2. Anything would seen more classy than begging people to read your work and go like your page on every social site possible. Genre specific categories to find sites to link to and/or from, things to join, and advertising advice might help.

  3. A writing or editing tip, or an inspirational snippet or quote perhaps? I’m also with Merideth and Andrew in some kind of links to/info about blog tour or sympathtetic book blogger sites. That’s something I’m trying to build up myself.

  4. I would love to see what kinds of books my readers are reading besides my own. That way I can compare them and see what draws people in; whether it is a fad, style of writing, and/or just the popularity status of the person writing those novels, it would be great to know.
    I also think it would be great to see some book reviews, as well as question-answer sessions between authors and their readers or authors and other authors.
    Just some ideas. I love the idea of your site, and cannot wait to see more.

  5. I like the idea of searching for books out there that are like mine in concept, genre, and execution. Then, I’d like to see how those books are faring, which marketing techniques were used successfully and unsuccessfully.

  6. I have a theory that fanfic gets so many more readers and reviews than original fiction because fanfic is so proactive about categorizing itself. Genres, subgenres, archetypes, ships, elements, keywords, setting, sensibilities, heat level–it is incredibly easy to find exactly what you want to read on, while Amazon remains a crapshoot. This probably isn’t what you had in mind, but my ideal book-finding app would be a massive database with an excruciatingly good system of tags and categories, thoroughly searchable and sortable.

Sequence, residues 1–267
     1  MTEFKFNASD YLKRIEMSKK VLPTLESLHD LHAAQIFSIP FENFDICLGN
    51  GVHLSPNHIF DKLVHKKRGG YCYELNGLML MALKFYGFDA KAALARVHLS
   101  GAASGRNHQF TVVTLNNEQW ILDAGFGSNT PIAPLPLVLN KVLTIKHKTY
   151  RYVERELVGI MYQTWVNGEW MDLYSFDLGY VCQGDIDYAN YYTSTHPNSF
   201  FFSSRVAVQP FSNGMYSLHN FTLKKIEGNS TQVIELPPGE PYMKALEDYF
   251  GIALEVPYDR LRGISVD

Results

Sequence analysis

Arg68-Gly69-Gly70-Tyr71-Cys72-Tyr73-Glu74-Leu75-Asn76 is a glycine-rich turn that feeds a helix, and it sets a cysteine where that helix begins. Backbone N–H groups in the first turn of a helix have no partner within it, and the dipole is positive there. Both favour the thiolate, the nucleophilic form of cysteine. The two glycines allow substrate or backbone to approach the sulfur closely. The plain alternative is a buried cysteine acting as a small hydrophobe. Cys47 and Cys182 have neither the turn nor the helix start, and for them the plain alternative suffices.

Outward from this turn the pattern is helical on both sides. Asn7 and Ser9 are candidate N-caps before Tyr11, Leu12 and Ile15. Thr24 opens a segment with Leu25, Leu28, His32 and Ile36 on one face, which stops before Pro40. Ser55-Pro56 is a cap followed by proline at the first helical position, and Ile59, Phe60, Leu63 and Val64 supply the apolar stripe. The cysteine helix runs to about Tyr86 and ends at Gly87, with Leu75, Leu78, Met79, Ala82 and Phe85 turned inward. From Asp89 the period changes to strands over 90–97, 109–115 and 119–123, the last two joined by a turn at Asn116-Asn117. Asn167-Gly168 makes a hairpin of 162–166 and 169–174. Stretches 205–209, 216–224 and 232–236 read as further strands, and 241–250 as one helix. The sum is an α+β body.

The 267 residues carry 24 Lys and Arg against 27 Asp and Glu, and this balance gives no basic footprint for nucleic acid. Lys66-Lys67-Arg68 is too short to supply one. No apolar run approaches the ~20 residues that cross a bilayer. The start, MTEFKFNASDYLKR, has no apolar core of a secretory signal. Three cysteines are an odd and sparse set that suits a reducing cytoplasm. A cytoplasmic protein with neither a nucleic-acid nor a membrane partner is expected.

7. Great idea. I need something I can use to drill down to a possible readership base. I’ve been looking a categories on twitter and finding followers. e.g. my first novel starts in the middle of a water polo match though the sport is not the main theme of the novel which includes a variety of topics. So far I’ve been able to acquire potential readers with this strategy of following those involved in the sport but if an author can identify a dozen or so key ideas and throw those at a search engine that would really help. An author should be able to identify a hierarchy of themes and set up a search with branches. Sound feasible? All the best in your endeavours and I’m quite happy to test anything you come up with. All the best.

  8. I like the idea. I believe that interacting with people, letting them know they are important is a good way to go. Too many people overlook fans and don’t appreciate them, so if you have even one person who has liked your Facebook page or Twitter or whatever you happen to have, let them know how much you appreciate them, how much that one fan really means to you. I, to quote Joss Whedon, would rather be loved by a hundred than liked by a million. Because for me writing isn’t about making money and begin huge, its about telling a story and having that story speak to others.

  9. I’m the ‘old dog learning new tricks’ and believe in the ‘KISS’ principle — whatever interaction netword, keep it simple…This old anachronism is really trying but tired of ranting and raving in this digital world, tired of a ten-year old knowing so much more than I. Most networks and/or programs presume knowledge that might not be there. Much of my time is spent writing. That’s what I want to do, and I don’t wish to spend hours on end learning new technology. Of course, that’s my issue, but it’s my guess that there are many in this non-techie tram stalled on a frayed cable. KEEP IT SIMPLE for us old dogs — the tech-savvy group will breeze past and get to the ‘meat’ of your program while we slow learners can go at our speed…JUST SAYING!

    • Hi Billy,

      Thanks for your comment! You would be a great tester for us — believe me,
      we think simple is great. As Charles Olsen said, “I learned the simplest things last.”


      The FindMyAudience Team